Last Updated on June 22, 2019 by Calibre 11
Earlier this week I spoke with TAG Heuer CEO Jean-Christophe Babin about TH’s movement strategy- and in particular, what was going on with two of their most innovative movements- the Pendulum and the Mikrotimer.
The Pendulum was unveiled at Basel in March 2010, with the Mikrotimer following exactly a year later. Along with the V4 and the Mikrograph, the four movements are developed and hand-built by the haute horlogerie team at TAG Heuer.
Coming up with cool concepts is one thing, but TAG Heuer have a good record at turning these ideas into production watches, such as they did with the Monaco V4 and the Carrera Calibre 360. So, when will we see production watches using the Pendulum and Mikrotimer movements?
What’s Happening with the TAG Heuer Pendulum?
The key piece of magic in the Pendulum movement is that it does away with a hairspring, the coiled strip of high-tech alloy that provides the torque necessary for the balance wheel to oscillate and regulate its frequency. Instead, the Pendulum uses four small magnets to provide the same spring.
There has not been much news about the Pendulum over the last 18 months, but that does not mean that there hasn’t been anything happening, as Jean-Christophe explained:
“When it comes to the Pendulum, the main challenge is getting the movement to perform reliably in a variety of temperatures, so right now we are still in the phase of assessing how to do this. It’s no longer a question of watch-making expertise, so we have outside scientists working to solve the issue. At stable temperature, we have developed the concept to be extremely accurate”.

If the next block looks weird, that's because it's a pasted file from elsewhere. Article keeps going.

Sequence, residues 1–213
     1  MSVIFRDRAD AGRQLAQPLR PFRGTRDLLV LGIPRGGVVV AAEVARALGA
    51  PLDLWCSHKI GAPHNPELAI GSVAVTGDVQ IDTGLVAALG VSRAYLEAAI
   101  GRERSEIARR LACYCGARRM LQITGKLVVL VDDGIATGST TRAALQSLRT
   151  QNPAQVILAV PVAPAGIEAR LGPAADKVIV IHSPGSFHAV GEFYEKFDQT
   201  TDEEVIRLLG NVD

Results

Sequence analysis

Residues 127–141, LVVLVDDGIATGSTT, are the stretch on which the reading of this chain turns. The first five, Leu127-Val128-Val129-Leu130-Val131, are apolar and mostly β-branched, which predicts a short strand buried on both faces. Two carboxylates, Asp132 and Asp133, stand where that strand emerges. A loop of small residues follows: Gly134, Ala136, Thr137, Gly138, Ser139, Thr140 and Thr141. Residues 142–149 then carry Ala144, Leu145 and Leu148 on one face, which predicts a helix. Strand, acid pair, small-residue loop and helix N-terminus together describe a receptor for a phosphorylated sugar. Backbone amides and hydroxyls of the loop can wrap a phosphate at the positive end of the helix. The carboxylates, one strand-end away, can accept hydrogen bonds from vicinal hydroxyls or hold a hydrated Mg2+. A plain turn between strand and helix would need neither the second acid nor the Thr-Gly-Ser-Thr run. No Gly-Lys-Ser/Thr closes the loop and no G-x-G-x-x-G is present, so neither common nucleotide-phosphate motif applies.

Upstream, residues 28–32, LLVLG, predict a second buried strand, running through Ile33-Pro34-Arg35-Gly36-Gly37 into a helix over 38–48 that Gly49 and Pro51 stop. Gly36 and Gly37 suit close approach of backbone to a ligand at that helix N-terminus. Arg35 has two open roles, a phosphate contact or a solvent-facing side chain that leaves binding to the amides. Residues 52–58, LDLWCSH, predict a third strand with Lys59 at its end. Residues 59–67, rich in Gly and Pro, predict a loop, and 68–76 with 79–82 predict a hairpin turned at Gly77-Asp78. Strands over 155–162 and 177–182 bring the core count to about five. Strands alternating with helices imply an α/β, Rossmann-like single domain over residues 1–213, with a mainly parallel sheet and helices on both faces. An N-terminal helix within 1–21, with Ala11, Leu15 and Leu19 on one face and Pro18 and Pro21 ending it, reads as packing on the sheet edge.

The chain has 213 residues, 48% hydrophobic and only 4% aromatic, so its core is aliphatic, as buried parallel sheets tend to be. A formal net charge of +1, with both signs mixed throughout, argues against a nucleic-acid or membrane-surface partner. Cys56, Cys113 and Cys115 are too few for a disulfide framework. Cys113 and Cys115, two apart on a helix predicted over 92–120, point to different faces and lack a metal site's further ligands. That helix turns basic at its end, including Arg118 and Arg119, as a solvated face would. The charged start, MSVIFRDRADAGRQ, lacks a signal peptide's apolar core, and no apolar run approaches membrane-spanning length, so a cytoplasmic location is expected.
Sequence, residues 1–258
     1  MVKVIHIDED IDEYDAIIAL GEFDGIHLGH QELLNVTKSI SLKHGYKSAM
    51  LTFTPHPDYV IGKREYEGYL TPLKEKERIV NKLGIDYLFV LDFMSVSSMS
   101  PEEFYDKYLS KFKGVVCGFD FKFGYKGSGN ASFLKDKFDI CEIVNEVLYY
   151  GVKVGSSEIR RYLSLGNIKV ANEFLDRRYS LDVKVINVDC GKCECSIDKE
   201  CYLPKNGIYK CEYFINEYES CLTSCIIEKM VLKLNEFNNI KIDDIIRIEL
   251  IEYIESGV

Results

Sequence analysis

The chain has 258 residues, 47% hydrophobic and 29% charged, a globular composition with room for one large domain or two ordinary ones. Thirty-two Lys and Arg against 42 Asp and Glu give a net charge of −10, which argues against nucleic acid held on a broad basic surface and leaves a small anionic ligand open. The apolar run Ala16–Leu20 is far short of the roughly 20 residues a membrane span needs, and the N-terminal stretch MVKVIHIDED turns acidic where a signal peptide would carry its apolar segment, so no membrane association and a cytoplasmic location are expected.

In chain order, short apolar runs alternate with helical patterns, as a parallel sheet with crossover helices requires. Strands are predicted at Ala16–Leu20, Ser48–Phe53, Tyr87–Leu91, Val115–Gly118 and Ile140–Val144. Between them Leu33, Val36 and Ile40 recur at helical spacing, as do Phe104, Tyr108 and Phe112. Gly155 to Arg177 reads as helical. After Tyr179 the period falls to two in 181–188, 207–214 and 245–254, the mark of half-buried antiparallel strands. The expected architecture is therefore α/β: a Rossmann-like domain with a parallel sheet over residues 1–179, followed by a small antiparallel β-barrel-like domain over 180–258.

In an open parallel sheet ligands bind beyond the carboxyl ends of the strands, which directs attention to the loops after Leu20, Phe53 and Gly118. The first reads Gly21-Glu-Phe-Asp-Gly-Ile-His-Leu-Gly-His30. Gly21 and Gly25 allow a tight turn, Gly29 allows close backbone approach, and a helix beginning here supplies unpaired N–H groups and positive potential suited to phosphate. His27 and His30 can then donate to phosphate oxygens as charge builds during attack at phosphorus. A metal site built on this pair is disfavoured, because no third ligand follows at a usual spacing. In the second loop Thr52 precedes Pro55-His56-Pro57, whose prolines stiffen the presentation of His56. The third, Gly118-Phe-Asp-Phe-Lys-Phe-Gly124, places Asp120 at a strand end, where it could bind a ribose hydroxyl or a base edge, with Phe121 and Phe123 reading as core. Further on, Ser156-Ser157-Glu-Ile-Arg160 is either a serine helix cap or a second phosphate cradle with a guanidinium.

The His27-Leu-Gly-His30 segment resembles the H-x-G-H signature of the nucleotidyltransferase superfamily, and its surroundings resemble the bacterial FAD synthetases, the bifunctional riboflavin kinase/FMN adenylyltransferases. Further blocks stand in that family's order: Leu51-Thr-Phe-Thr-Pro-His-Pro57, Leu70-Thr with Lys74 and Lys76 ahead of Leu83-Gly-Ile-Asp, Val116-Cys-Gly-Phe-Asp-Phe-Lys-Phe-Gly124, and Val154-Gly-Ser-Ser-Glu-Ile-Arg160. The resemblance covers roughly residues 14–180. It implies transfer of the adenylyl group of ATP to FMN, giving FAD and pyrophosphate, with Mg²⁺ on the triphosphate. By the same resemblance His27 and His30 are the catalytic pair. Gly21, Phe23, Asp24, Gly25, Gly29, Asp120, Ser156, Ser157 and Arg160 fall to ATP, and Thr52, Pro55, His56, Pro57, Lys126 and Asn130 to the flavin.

The issue that JCB is referring to is the force of the magnets- they have higher magnetic pull in cold conditions than they do in warmer temperatures…so how do you make a watch that works consistently in all types of conditions? That’s the challenge of the Pendulum.
While the Grand Carrera Pendulum wasn’t a Chronograph, there is a good chance that any future versions of the movement will include a Chronograph function, because TAG Heuer have been testing the watch at a frequency of 50 Hertz (the original concept was 6hz/ 43,200 beats/ hour), the same frequency as the Mikrograph 100 (360,000 beats per hour- ten times faster that the Calibre 36/ El Primero). These tests show that the accuracy of the watch improves at the higher frequency.
So could we see a Mikrograph Pendulum? It’s certainly possible, even if only as a concept watch.
So when will we see a production watch with the Pendulum movement? According to Jean-Christophe:
“It’s too early to commercialise it, because until we get the accuracy issue solved, we just can’t market it. At this stage I think we are heading in the right direction to fix the challenge, so we’ll continue to develop and test it, including at higher frequencies. So we’re working on ensuring accuracy in a stable environment and we have scientists at a University investigating the issue of temperature variance.”